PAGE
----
You may think that planting trees may take a long time to provide shade and reduce heat/sunlight exposure but there are fast growing varieties that will show results in as little as three years.

Deciduous trees are a good option, as they will provide shade in summer whilst allowing the sun to shine through during the winter.

Click here and find a tree that will suit your garden from this website which will give you a brief description.

When planting any trees, but especially a deciduous tree, you should think about how close you plant them to the house.

Will they be over hanging your roof line?

How often are you willing to get up and clear your gutters?

How tall do you want it to grow? And possibly most importantly will their root systems affect any drainage or foundations in the area you plant them?

Once you’ve found the plant that suits your back yard and will provide the shade you look for in summer, don’t wait another day! Go today and plant it, you’ll be thanking yourself in the years to come!

One of the most common solutions people use for an overheated/hot house is cooling it with an AC. Installing a new AC on its own may cool your house to a comfortable 23 degrees but it will eat into your wallet and damage the environment at the same time. So why not look for sustainable, effective and long lasting solutions?

Why not combine your new AC unit with the above mentioned solutions that are not only environmentally sustainable, but will significantly reduce your need for your cooling system and be lighter on the hip pocket?

With so many different homes in as many different locations and environments there is no one simple solution to stop your home getting hot through summer. But by understanding how heat enters your home you can start today to plan what will work best for your home.

Each step you take will not only move you closer to having a comfortable house to live and sleep in, but also to avoid any big surprises on your electricity bill!.

Do you still have any doubts about the steps you have to take to reduce the consequences of the sun’s heat radiating into your home?

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Top 3 causes of heat in your home and how to combat them (Part 1 of 3)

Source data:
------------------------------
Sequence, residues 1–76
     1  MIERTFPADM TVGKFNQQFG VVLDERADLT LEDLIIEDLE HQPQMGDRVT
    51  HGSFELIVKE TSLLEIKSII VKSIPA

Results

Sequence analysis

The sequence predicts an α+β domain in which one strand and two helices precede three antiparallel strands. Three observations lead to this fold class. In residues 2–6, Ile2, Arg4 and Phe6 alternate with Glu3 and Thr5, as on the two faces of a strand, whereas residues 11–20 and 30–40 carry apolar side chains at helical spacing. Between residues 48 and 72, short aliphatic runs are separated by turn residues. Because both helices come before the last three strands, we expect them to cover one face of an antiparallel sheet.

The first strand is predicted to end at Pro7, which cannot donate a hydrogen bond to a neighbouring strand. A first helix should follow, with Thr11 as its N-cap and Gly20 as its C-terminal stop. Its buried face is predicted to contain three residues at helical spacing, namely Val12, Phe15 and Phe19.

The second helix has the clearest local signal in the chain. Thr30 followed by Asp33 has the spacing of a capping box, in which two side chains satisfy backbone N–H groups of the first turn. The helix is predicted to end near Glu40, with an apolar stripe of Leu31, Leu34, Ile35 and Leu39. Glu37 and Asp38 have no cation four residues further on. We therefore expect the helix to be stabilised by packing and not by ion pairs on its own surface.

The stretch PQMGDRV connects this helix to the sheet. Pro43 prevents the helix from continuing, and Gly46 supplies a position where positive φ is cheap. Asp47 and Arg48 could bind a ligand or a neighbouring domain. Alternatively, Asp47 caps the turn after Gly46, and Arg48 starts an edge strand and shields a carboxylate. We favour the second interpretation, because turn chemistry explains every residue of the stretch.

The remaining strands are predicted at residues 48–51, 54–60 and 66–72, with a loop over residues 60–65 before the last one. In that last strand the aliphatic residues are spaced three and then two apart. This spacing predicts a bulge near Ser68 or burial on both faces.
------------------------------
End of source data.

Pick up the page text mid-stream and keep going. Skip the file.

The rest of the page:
Top 3 causes of heat in your home and how to combat them (Part 1 of 3)

In this article I’m going to show you the three ways your house is being heated up and explain what you have to do if you want to have a nice and comfortable environment for you and your family.

By the end of this article you’ll have a proper understanding about heat transfer and its types as well as the simple steps you have to take in order to have your house cool and fresh – stick with me and I’ll show you.

Let’s first take a look at why heat is transferred. Heat will always transfer from an area of high temperature to an area of low temperature until an equilibrium is reached. In the summer and wintertime your aim should be to slow this temperature movement as much as possible.

Now that we know why heat is transferred let’s dive a bit deeper into the concepts of this transfer and check out the three main ways that heat can be transferred into your home. The three ways are Radiation, Conduction and Convection, and are explained below:

Radiation – Is the transfer of heat through electromagnetic waves. It is what causes your food to heat up in the microwave.  Different objects, such as black and dark colored objects absorb and radiate this heat far more than silver or light objects will. The roof is the largest surface area of the home and is exposed to the sun all day. Dark colored roofs and walls will absorb the sun’s rays and transfer their heat into the home, particularly into the roof space. Most houses will have some form of protective insulation to stop this radiation entering the home. The downside of this insulating foil is that it is a good conductor of heat and therefore will still allow an amount of heat to transfer into the roof space.

Conduction – This transfer occurs when two objects are in contact with each other. It is what causes fry pans to heat up on the stovetop. It’s also one of the ways that heat travels from outside your home to inside. As your roof and windows start to heat up they conduct their heat into the air that touches them, which then easily flows through your house.

Convection – Is the transfer of heat through the movement of liquids and gases. It is why the water in the jug boils even though the heating element is only at the bottom of the jug.  In your home hot air leaks in through floorboards, gaps around the doors, windows and holes around the cornices and ceiling.  This airflow will minimize the effectiveness of your air conditioner. Trying to cool a room when convection currents are unattended is like attempting to fill a colander full of water.

OK… by now you must be asking yourself – I have all these heating problems at my place, what should I do to avoid or reduce them?

Well, I’ve got bad news and good news for you.

The bad news is, they cannot be completely avoided. If you live in Sydney, you are unlikely to completely avoid the sun heating your house. But don’t freak out, it’s all good!

Now I’m going to give you the good news…

For all these 3 problems there are simple solutions that are going to reduce the heat and keep your house nice and cool.

Radiation Solutions

  • Use light colours: Recent studies have shown that a light-coloured roof can have approximately 31% lower heat gain than a dark roof;